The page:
Free speech activists have won a case against the University of Alabama in Huntsville (UAH) after the college created designated ‘speech zones’, and asked for students to apply for a permit before engaging in public speaking on campus
The Young Americans for Liberty Chapter, represented by the Alliance Defending Freedom (ADF) initially had their case dismissed in the lower courts.
However, after filing an appeal in February, the case was elevated to the Supreme Court.
The chapter deems the new university rules to be a violation to the Alabama Constitution, as well as the college’s own free speech act.
However, one of the issues believed to have been regularly debated on campus was gun control. In 2010, three faculty members at UAH were killed, and three others injured, after a biology professor opened fire in a staff meeting.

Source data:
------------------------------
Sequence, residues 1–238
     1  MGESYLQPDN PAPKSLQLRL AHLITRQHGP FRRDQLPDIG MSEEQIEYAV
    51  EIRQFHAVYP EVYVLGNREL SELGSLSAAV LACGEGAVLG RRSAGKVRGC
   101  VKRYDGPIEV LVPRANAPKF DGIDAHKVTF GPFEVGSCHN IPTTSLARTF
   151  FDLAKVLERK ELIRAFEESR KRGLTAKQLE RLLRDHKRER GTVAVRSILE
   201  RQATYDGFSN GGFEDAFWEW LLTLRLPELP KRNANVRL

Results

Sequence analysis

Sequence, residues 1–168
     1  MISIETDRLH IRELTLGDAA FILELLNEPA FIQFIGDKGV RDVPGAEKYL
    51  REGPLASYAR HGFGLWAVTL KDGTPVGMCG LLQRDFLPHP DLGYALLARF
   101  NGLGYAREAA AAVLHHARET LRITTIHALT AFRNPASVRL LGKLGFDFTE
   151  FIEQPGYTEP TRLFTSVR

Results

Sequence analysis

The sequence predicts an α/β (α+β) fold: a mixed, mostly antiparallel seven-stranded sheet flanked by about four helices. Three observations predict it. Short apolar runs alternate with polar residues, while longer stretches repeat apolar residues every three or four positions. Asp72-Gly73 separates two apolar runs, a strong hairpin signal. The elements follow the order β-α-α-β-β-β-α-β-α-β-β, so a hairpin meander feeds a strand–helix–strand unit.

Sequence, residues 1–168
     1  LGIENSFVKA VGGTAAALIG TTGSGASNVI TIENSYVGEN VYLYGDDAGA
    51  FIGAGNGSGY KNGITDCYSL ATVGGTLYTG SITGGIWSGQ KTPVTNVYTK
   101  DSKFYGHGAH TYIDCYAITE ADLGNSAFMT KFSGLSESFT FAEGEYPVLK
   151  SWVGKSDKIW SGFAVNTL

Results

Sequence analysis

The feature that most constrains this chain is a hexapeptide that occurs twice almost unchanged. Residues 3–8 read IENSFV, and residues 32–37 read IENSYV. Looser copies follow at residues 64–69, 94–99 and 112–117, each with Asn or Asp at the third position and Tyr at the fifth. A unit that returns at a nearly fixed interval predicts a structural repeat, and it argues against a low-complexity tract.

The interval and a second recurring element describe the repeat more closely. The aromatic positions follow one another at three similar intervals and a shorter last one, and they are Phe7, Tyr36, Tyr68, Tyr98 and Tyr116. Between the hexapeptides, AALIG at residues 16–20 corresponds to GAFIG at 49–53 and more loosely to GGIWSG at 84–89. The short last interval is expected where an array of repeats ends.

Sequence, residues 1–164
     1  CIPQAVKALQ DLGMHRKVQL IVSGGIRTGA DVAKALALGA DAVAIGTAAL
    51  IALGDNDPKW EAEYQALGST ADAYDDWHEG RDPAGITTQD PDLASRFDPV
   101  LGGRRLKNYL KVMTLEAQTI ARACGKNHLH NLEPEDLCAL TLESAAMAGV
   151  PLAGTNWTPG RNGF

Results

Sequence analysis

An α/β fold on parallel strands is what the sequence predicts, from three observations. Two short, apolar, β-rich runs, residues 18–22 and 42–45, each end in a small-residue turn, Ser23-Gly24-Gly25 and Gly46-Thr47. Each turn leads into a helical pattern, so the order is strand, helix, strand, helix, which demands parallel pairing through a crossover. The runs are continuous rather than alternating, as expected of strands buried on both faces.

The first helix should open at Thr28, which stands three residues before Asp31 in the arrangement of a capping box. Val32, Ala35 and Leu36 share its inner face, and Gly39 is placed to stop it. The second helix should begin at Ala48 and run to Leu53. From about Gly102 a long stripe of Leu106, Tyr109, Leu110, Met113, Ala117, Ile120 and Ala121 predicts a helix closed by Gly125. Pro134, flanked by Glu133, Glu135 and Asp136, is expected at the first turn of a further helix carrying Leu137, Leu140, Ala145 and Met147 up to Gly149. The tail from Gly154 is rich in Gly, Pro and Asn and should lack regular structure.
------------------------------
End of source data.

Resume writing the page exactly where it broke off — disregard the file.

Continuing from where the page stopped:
The Alliance for Defending Freedom is the world’s largest legal organisation committed to religious freedoms and free speech.
Celebrating the win, ADF Senior Counsel and Vice President of Appellate Advocacy John Bursch said: “College students have the freedom to share their beliefs anywhere on campus; they don’t need permission from college officials to speak, nor should they have to jump through burdensome and illegal hoops just to talk with their classmates outside.”
Premier has reached out to UAH for comment.